100mg of a 4 day half life ester will indeed be at 50mg on day 4, but at day 1 it will not be at exactly 1/4 of the difference between day 1 and 4. If a graph was drawn using daily tests of drug level in the blood it would be curved.

So by using this block method we end up with a curved graph made up of straight lines in 4 day blocks (or whatever the half life is).

Programatically this gives me a couple of problems.

1 - It’s not very accurate (but is it accurate enough?)

2 - If I use this block method then for very short esters (acetate specifically) I’m going to have to calculate in blocks of half days as it would make the results too inacurate to round the half life up or down to a single day. This again comes down to accuracy - can I round the acetate ester to 1.5 days even though it’s actually 1.4? In this case I suspect that it would be close enough.

If I use this method then I’ll calculate all esters in half days as it would be daft to write extra code to handle half life values for whole days.

It’s either that or calculate the curve of the decay of the ester given the half life length. This would be more accurate I suspect but would it be worth it? I’m tempted to say no - if for no other reason than my brain hurts trying to figure out the math behind it.

Sentinel - If you can help me out with an equation…?

No, that isnt far off (i havent done saps equation mind you but…) ED makes sure the blood levels is kept steady, EOD is ok too… if the half life is 3 days you would want to inject on a more frequent basis than 3 days correct?

So assuming 3 days is correct, then ED or EOD injections is what is required.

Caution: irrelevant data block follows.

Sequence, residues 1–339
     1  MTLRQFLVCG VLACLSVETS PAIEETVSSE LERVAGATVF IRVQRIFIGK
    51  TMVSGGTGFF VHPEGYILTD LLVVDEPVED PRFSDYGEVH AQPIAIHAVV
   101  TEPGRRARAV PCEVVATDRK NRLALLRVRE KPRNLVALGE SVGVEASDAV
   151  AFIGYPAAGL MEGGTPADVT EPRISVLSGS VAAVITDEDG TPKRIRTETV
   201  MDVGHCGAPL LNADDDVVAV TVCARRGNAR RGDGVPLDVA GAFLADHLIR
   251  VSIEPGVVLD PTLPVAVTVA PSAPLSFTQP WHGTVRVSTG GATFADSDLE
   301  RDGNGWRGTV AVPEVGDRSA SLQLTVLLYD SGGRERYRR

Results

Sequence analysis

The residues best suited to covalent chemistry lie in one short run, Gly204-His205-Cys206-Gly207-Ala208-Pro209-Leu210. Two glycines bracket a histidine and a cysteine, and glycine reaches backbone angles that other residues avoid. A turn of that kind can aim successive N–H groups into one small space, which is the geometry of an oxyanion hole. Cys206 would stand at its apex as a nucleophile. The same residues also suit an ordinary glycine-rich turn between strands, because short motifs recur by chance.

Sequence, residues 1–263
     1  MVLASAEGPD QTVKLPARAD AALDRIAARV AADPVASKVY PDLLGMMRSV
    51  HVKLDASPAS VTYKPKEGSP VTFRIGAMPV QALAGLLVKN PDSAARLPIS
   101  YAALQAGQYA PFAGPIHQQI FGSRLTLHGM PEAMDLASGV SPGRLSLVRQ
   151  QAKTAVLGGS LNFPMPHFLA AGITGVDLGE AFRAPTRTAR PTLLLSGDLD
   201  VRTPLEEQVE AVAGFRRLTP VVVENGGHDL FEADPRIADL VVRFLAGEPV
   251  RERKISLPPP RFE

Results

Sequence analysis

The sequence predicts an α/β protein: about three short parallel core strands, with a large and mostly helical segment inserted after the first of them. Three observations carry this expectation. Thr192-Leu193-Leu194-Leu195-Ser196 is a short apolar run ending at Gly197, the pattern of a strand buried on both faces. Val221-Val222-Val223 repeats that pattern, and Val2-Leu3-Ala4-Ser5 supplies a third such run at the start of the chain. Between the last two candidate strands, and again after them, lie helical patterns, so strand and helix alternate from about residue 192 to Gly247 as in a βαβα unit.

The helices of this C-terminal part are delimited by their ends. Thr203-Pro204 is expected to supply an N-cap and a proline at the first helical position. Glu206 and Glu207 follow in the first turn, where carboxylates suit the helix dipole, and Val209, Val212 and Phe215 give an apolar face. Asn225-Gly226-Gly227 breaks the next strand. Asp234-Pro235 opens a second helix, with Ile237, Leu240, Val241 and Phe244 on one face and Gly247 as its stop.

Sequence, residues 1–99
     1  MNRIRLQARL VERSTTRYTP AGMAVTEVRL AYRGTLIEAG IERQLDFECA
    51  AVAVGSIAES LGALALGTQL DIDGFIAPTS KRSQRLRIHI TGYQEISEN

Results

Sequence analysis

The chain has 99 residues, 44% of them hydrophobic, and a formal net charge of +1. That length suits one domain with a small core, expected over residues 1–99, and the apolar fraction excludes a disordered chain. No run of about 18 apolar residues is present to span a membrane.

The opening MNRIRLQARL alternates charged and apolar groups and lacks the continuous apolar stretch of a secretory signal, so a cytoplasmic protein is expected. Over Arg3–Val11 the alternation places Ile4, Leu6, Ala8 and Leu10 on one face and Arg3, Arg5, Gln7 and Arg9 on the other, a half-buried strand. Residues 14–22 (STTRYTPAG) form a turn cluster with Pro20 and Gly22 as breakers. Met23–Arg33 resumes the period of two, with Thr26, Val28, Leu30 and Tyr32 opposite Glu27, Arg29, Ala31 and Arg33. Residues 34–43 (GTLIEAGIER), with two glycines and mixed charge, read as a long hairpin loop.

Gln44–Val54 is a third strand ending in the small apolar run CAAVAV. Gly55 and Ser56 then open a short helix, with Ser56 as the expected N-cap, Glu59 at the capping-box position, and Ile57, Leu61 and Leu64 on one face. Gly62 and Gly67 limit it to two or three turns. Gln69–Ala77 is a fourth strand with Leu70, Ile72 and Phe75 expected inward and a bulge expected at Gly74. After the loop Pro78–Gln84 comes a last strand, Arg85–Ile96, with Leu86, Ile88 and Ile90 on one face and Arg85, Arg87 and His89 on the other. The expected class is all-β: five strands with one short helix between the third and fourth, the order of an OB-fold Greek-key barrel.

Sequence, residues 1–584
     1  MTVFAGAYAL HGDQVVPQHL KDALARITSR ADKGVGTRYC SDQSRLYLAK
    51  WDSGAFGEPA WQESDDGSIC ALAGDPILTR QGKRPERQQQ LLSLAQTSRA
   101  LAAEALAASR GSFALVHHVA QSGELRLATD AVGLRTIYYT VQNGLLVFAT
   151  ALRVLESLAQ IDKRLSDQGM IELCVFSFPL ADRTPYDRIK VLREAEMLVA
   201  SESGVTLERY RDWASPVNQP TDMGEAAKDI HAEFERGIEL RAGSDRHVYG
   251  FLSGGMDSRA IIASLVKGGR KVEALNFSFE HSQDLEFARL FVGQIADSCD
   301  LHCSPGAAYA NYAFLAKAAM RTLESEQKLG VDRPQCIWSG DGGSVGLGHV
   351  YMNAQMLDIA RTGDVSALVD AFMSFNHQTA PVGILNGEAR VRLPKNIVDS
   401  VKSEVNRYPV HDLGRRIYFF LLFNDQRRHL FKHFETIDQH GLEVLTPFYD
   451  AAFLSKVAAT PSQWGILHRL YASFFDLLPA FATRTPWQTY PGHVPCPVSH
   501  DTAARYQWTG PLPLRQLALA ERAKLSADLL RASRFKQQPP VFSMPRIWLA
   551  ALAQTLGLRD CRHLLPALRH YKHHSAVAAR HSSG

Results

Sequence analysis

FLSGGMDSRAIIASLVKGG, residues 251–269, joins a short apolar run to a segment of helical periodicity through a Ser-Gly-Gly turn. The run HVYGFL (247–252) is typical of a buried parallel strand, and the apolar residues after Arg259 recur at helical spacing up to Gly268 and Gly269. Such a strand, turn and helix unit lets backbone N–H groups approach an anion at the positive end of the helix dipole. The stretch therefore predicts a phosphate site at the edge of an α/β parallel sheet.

JJ

maybe here…

this one says 1-2 days but that isnt measured (anec.)

mesomorphosis.com/steroid-profiles/trenbolone.htm

I think that one os by *shudder* A.Roberts…

Lol!

[quote]Renton wrote:

Sentinel - If you can help me out with an equation…?

[/quote]

Assuming the decay of test in the body follows a first order reaction then:

(ln)A = -KT+(ln)Ao

where K is the rate constant

(ln)A = ln concentration

(ln)Ao = ln initial concentration

Therefore a plot of ln[A] vs. time t gives a straight line with a slope of - k.

Knowing K allows you to find the concentration of your compound at any value of t.

But yes, your method of using given half lives to construct a suitable curve would be accurate enough for longer estered test variants.

[quote]Sentinal wrote:

Renton wrote:

Sentinel - If you can help me out with an equation…?

Assuming the decay of test in the body follows a first order reaction then:

(ln)A = -KT+(ln)Ao

where K is the rate constant

(ln)A = ln concentration

(ln)Ao = ln initial concentration

Therefore a plot of ln[A] vs. time t gives a straight line with a slope of - k.

Knowing K allows you to find the concentration of your compound at any value of t.